With the FTSE 100 having dropped roughly 200 points (3.4%) since last Friday, it’s not been a great week for UK shareholders. Likewise, the index has slipped around 265 points (4.5%) over the past month. It’s been a lousy year for the Footsie, having collapsed by 2,000 points (26.4%). But enough of the past. I think the way to benefit from these continued declines in the future is to keep buying cheap shares in solid businesses.
These two cheap shares are smoking
I’m here to discuss two tobacco stocks. As a smoker for around a third of a century, I know how unpleasant, unhealthy and expensive this addictive habit can be. As an investor, I also know that tobacco shares are absolutely out of the question for ethical investors. Yet tobacco stocks are popular with income-fund managers and value investors looking to buy cheap shares for their reliable returns.
Cheap stock #1: British American Tobacco
My first low-priced stock is the Goliath of the two: British American Tobacco (LSE: BATS). At its current share price of £24.70, BATS has a market value of £57.7bn, so it’s one of the largest members of the FTSE 100 by size.
What’s more, thanks to its reliable earnings and global scale, BATS has risen up the ranks to become the #2 dividend payer in the entire FTSE 100. Yet the BATS share price has taken a beating in 2020, pushing it deeper into the ‘cheap shares’ dustbin. At their 52-week high on 15 January, BATS shares closed at £35.07, so they are over £10 cheaper today. Yet cigarette sales have held up well during the pandemic.
The obvious attractions of BATS are its lowly rated earnings and steadily rising quarterly dividends. At today’s price, BATS shares trade on price-to-earnings ratio of 9.2, for an earnings yield of 10.9%. Based on four quarterly cash dividends of 52.6p per share, BATS shares offer a mighty 8.5% dividend yield. As a value investor, BATS ticks my boxes, which is why I would buy and hold its cheap shares (preferably inside an ISA) today.
Cheap stock #2: Imperial Brands
Compared to BATS, Imperial Brands (LSE: IMB) is a relative tiddler, weighing in at a market cap of £12bn. Yet as an investment, Imperial shares offer similarly attractive fundamentals as those of its larger counterpart. The maker of Davidoff, Gauloises and JPS cigarettes produces reliable recurring earnings and strong cash flows that translate into bumper dividends.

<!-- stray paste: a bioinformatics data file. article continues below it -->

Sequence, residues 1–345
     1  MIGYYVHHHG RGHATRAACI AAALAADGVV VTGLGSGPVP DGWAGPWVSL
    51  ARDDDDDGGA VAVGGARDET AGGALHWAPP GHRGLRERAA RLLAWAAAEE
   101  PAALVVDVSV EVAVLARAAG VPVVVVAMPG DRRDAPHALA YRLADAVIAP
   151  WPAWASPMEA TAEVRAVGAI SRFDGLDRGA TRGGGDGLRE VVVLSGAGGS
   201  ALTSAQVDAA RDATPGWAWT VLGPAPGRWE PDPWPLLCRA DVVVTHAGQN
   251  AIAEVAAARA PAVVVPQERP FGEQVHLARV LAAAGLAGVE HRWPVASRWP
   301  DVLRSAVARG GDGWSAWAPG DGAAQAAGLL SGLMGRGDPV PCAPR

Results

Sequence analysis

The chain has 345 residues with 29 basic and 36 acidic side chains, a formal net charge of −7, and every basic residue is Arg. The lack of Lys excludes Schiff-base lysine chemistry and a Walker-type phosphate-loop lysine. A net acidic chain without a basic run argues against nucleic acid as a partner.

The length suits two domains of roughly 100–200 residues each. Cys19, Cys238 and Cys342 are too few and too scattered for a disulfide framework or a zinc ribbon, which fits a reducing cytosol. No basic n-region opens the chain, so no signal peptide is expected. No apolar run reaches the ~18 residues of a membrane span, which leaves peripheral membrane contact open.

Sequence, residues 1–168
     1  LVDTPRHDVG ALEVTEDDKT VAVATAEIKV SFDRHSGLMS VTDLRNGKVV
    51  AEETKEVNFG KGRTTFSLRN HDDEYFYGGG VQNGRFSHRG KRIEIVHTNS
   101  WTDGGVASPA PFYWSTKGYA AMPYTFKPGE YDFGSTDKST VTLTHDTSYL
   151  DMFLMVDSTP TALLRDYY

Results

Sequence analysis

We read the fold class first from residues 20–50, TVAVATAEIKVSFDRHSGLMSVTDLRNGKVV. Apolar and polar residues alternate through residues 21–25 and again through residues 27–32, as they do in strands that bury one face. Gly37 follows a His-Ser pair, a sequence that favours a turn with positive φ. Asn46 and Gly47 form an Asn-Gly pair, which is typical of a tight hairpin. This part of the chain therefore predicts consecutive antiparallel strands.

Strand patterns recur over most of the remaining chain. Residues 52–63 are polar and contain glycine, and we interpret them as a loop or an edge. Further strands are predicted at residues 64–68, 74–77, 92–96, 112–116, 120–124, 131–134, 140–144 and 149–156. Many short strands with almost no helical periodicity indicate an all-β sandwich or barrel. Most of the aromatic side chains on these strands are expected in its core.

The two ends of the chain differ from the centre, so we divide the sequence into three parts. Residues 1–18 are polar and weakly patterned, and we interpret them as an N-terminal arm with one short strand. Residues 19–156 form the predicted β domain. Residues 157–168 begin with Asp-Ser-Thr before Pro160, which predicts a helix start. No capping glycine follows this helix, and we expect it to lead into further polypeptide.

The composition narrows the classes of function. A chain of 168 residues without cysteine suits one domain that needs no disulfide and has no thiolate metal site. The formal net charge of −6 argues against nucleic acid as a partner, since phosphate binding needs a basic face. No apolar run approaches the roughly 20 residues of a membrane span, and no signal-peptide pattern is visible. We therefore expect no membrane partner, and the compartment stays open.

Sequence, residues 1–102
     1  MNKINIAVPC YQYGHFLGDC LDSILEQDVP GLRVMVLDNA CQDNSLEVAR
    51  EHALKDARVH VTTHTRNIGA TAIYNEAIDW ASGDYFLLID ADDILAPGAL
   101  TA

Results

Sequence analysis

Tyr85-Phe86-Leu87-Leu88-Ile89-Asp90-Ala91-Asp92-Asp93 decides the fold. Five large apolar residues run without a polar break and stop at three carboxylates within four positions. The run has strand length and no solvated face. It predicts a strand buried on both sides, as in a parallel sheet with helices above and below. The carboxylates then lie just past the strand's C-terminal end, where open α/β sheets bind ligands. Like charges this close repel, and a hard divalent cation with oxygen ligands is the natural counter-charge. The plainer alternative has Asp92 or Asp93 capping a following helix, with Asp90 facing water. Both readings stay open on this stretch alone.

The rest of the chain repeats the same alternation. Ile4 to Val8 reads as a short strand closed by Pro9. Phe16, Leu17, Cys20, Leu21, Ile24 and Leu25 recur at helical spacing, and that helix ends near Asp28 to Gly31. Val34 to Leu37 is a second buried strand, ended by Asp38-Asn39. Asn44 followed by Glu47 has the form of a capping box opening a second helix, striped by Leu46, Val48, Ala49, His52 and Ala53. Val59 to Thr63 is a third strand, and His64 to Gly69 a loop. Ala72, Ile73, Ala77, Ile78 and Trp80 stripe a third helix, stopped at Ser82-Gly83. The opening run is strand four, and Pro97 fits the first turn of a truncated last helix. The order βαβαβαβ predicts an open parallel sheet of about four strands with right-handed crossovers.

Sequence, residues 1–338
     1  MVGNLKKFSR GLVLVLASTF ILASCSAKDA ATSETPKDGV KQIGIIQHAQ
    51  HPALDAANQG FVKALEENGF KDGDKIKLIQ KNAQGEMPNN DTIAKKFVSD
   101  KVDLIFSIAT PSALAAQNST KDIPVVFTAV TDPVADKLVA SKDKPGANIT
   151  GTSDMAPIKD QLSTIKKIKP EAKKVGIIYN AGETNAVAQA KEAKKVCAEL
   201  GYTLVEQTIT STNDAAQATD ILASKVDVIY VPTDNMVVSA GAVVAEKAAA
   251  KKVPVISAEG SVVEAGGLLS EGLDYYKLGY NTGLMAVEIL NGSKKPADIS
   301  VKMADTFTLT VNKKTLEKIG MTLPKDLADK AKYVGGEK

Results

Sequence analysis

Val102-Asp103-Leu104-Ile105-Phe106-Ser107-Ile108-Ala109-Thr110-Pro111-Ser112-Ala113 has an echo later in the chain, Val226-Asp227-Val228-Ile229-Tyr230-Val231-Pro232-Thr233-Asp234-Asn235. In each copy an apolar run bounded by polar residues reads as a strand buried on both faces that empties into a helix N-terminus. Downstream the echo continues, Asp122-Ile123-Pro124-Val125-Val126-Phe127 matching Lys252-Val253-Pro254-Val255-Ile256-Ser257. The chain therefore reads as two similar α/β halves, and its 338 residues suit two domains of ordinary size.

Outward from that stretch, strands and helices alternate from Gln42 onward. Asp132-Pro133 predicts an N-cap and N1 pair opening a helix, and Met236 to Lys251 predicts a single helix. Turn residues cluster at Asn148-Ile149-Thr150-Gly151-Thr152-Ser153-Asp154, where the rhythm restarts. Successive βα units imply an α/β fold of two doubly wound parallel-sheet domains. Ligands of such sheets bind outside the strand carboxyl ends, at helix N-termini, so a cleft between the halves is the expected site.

However, as with BATS, Imperial’s stock has also been dumped in the bargain bin of cheap shares. On Thursday, Imperial shares closed at 1227.5p, down 30.2% in 12 months. Furthermore, Imperial shares today are almost 850p (40.8%) below their 2020 high of 2,072p, hit on 17 January.
One reason for Imperial shares’ decline is the company’s decision earlier this year to cut its interim dividends by a third (to 20.85p a share, from 31.28p). Yet based on a one-third cut to the previous yearly dividend of 206.57p, these cheap shares offer a forward dividend yield of 11.2% a year. That’s more than enough income to compensate for short-term volatility and/or declines, which is why I would also buy and hold this tobacco stock today!
Cybersecurity is surging, with experts predicting that the cybersecurity market will reach US$366 billion by 2028 — more than double what it is today!
And with that kind of growth, this North American company stands to be the biggest winner.
Because their patented “self-repairing” technology is changing the cybersecurity landscape as we know it…
We think it has the potential to become the next famous tech success story.
In fact, we think it could become as big… or even BIGGER than Shopify.
Cliffdarcy has no position in any of the shares mentioned. The Motley Fool UK has recommended Imperial Brands. Views expressed on the companies mentioned in this article are those of the writer and therefore may differ from the official recommendations we make in our subscription services such as Share Advisor, Hidden Winners and Pro. Here at The Motley Fool we believe that considering a diverse range of insights makes us better investors.